Holiday Habits: How Brits Will Go on Holiday in 2019

The British love a getaway more than most, with ranking the UK as a country with some of the most well-travelled citizens in the world. With millions of Brits travelling abroad annually to destinations such as southern Spain and Thailand, you’d think it would be difficult to pin down a general summary of how people in the UK approach recreational travel.

Fortunately, someone has already done just that. The release of the annual Holiday Habits Report, which can be found at, summarises how tens of thousands of our fellow countrymen tackled their holidays in 2018, with some surprising patterns and similarities throughout, as well as looking at bookings for the upcoming year. Read on to find out how Brits are likely to go on holiday in 2019.

Where We Go

Where Brits are going on holiday is changing fast. While traditional hotspots such as the Costa del Sol and Northern France are still popular, other destinations are starting to take the lead. For one thing, staycations are on the rise, with 66% of people taking a domestic UK holiday last year – the highest figures in over a decade.

This has been attributed both to the fall in the value of the pound and the increasing trendiness of local destinations such as Cornwall and the Isle of Skye. Trips to North America are down considerably, although holidays to far-flung spots like Dubai and Vietnam are skyrocketing.

What We Do

There are a number of activities which almost all Brits prefer to do on holiday. Rather than simply lazing on the beach, the vast majority of us prefer to go sightseeing and exploring cultural sites while on holiday. Brits are also spurning shopping while abroad, opting to spend their money instead on the “experience economy”, paying for meals in local restaurants and tickets to musical events.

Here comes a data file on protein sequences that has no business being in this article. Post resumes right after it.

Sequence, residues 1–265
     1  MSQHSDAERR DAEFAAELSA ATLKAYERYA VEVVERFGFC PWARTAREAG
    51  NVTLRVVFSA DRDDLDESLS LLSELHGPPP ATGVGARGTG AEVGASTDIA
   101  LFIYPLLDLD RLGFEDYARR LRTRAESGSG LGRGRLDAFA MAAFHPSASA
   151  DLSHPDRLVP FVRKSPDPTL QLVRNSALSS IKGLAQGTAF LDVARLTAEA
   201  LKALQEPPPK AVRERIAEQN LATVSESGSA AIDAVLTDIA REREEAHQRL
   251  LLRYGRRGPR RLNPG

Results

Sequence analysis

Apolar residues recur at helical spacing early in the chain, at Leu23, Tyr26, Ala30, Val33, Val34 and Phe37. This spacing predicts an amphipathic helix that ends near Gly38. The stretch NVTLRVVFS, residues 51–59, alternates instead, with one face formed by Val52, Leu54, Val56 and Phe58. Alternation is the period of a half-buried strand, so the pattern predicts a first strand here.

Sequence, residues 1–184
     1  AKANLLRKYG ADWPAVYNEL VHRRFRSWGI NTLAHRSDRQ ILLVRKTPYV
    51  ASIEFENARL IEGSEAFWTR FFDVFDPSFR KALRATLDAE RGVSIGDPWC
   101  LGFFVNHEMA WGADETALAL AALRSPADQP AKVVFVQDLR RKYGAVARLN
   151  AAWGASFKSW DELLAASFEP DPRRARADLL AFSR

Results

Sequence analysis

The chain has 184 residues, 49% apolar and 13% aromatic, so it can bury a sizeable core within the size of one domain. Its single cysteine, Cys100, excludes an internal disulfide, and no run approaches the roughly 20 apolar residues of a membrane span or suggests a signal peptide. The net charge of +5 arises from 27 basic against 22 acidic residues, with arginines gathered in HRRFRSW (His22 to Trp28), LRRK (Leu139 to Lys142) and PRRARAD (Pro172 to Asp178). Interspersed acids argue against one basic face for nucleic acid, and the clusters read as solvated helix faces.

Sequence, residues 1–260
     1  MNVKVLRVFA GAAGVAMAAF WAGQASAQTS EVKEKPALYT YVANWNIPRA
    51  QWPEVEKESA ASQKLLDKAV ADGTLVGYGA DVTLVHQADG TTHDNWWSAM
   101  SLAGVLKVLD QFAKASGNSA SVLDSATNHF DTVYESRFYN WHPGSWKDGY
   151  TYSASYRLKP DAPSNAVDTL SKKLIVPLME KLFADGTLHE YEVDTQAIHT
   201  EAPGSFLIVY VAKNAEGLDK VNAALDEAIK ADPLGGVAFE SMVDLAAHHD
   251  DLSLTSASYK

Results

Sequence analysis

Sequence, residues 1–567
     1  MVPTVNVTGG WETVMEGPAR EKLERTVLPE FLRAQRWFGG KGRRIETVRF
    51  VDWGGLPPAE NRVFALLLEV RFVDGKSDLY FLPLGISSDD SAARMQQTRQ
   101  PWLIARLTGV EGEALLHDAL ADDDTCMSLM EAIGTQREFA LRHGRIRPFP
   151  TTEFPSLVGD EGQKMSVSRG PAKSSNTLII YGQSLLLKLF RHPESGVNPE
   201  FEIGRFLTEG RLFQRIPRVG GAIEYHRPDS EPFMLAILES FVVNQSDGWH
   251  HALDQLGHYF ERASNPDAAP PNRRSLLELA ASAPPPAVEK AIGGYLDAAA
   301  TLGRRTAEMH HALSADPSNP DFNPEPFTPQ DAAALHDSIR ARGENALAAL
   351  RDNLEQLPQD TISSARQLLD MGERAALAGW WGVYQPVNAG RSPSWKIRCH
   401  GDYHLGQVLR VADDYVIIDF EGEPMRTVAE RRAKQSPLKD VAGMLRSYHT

One activity that may seem surprisingly popular is gambling, which has, in turn, fueled an uptick in bookings to destinations such as Las Vegas and Macau. Indeed, at home Brits play online in even bigger numbers than in land-based casinos, with popular online blackjack platforms such as having vast appeal. Perhaps the reason for the soaring numbers is linked to the increased popularity for casino holidays, with Brits finding their feet in the race to 21 through the variety available online, before splashing out in these American and Asian gambling havens.

What We Spend

According to, British people spend as much as a quarter of their disposable income on holidays, putting them well-above their European neighbours. The average individual spends around £650 per trip abroad, while a holiday for a family of four costs an eye-watering £2000 on average. Despite these high figures, the majority of Brits surveyed for the Holiday Habits Report still prioritise holidays in their spending, regardless of the tricky political situation.

How much the UK spends on outbound tourism each year has been growing constantly, hitting an all-time high last year of £45.7 billion and showing no signs of slowing down. Part of this can again be attributed to the decline in the value of the pound, which means that Brits abroad, particularly in Europe, need to spend more to get the same value that they would’ve gotten two years previously. 

These figures present us with something of a mixed bag. Brits are spending more and going away more frequently, but also opting to stay at home more and spending a larger share of their income on holiday. One thing that is certain is that Brits love their holidays and that doesn’t look set to change anytime soon.

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